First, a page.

We can all agree that there isn’t necessarily a crime here. We can also agree that the Electoral Act’s 6-month statute of limitation means that this legislation can’t be used to trigger any investigation. So it’s not necessarily a legal problem.
Although it’s also the case that many people are suggesting that the Liu donation might not have actually ended up with the Labour Party as intended. In fact even the Labour Party is giving credence to this idea. This would be a matter under the Crimes Act. Others have pointed out that the Serious Fraud Office could still be involved.
More scrutiny is needed – Open the books!
New Zealand’s political finance rules are now too discredited. Increasingly the public appears to be losing confidence that the rules work. There has now been a lot of signs that the rules are subject to many irregularities.
In terms of the Labour-Liu scandal, the allegation still needs to be substantiated. The onus is on both Labour and Liu to clarify the situation. Neither can just put the responsibility on the other. It’s not good enough for Labour to just call on Liu to provide further information. The party has been the benefactor of millions of dollars in donations – sometimes categorised as ‘anonymous’ – and that party needs to show that it’s clean. It’s a matter of public interest that such parties prove their trustworthiness.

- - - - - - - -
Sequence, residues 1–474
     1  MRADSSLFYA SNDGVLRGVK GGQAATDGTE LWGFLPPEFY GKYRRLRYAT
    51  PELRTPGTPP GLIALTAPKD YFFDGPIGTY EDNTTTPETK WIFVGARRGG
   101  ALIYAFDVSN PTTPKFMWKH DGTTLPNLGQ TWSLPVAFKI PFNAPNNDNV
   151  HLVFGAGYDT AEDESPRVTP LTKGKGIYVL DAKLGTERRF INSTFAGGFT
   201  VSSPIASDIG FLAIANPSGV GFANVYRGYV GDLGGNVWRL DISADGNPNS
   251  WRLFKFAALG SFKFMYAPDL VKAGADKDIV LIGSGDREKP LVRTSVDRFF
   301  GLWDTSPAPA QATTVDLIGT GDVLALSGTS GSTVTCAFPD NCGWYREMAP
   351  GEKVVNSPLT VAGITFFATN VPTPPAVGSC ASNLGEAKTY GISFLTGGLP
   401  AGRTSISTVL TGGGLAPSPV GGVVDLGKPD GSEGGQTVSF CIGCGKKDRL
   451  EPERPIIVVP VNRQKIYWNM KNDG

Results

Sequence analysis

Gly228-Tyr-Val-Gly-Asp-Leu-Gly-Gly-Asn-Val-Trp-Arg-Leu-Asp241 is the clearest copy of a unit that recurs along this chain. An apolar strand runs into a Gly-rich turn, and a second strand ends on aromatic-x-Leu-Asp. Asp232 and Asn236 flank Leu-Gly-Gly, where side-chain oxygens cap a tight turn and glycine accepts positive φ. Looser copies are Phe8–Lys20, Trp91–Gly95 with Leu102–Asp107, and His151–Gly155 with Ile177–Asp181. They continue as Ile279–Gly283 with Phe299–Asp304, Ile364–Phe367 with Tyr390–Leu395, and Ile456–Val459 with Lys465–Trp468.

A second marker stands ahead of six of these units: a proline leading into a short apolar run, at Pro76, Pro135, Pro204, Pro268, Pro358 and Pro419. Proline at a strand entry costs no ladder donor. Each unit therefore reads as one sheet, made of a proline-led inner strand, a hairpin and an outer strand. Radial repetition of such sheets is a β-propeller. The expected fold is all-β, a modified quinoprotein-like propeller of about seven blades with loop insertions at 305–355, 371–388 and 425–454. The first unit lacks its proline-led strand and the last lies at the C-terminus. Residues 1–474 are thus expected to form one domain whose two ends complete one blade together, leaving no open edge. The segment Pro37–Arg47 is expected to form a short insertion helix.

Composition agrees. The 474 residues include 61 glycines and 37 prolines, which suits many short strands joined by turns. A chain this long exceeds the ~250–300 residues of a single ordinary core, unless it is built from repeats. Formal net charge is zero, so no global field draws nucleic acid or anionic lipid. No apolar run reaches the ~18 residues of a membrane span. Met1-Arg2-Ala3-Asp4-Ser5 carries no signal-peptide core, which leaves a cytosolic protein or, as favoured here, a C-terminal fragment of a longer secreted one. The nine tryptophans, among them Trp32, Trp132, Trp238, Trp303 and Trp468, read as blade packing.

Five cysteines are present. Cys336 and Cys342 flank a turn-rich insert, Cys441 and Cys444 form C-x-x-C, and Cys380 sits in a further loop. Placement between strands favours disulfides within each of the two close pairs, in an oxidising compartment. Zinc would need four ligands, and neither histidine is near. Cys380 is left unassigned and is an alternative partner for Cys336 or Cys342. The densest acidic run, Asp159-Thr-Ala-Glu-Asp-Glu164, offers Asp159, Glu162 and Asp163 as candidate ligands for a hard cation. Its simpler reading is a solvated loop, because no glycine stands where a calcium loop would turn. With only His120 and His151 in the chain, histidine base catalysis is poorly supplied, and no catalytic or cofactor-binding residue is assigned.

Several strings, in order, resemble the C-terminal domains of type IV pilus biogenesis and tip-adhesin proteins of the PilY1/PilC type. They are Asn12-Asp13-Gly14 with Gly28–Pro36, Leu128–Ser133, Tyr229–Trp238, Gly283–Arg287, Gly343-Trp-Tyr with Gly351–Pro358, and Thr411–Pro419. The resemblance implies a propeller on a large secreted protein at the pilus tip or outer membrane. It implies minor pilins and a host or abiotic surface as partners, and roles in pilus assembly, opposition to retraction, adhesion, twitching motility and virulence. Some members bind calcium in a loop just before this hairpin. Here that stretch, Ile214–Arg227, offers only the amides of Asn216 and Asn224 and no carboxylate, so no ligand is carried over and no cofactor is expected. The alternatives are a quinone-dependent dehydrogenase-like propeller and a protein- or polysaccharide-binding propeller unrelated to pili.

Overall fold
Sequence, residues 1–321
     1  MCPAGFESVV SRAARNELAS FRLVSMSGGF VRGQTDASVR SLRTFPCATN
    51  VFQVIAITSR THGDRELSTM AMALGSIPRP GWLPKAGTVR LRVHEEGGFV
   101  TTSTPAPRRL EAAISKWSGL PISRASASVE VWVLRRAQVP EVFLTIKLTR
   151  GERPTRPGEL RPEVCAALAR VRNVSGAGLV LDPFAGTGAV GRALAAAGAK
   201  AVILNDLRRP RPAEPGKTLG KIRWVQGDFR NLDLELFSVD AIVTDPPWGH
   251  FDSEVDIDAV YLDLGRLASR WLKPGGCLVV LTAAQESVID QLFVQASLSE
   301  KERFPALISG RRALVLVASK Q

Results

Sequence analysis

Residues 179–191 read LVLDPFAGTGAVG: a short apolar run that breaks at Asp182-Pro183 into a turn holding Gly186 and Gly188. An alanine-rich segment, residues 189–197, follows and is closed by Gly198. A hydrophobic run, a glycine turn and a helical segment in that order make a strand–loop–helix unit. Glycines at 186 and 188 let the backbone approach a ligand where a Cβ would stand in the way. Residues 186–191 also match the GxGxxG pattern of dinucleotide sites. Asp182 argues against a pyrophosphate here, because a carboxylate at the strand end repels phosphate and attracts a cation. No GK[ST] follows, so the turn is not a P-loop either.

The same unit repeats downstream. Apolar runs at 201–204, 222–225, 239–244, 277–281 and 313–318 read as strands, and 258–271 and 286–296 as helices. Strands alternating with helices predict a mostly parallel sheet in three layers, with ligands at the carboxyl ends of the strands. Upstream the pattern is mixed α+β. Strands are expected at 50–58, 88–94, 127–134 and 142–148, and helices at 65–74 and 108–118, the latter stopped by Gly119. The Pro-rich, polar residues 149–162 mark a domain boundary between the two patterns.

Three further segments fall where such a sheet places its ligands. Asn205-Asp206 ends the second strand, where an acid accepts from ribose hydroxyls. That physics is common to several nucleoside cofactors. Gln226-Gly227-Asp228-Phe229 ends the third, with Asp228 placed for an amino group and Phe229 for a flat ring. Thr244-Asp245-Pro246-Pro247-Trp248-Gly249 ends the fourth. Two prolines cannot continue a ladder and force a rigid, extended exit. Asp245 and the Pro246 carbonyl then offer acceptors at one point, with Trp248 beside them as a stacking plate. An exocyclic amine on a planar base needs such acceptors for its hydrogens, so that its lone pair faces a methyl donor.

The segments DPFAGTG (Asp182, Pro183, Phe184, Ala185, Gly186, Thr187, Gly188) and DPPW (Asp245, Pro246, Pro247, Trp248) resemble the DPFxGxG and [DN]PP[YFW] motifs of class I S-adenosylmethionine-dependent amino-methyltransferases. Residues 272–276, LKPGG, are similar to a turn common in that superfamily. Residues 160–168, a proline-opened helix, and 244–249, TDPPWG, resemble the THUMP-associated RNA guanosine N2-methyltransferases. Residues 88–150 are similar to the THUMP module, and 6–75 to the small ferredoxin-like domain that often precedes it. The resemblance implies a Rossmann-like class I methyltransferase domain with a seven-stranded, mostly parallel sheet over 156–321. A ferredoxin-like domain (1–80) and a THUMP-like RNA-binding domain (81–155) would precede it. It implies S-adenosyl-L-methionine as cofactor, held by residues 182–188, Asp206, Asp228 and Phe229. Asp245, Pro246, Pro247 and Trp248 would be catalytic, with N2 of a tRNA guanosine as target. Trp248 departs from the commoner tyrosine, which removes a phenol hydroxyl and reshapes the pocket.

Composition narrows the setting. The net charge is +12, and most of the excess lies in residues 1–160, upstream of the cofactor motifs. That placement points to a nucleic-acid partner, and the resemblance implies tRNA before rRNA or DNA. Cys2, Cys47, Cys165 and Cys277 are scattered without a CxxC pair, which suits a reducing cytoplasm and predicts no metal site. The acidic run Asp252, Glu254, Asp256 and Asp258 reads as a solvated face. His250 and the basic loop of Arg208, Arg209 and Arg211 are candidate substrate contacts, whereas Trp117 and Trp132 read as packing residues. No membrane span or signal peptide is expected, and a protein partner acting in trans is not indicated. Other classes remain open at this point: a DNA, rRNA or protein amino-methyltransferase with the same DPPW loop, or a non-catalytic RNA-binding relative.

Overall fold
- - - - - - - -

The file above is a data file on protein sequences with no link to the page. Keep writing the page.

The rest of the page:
The upshot is that we shouldn’t be too complacent about the Electoral Act being an effective means of keeping tabs on big money coming into political parties. The legislation appears to be incredibly leaky. Some sort of inquiry or extensive public debate could look at the ways that the legislation is failing. But in the meantime, it’d be incredibly helpful for the public if all the political parties voluntarily chose to the open their books and allow the public to see how they raise their money and how they spend it. That would produce more public confidence than any trivial electoral rules. The public should demand maximum transparency.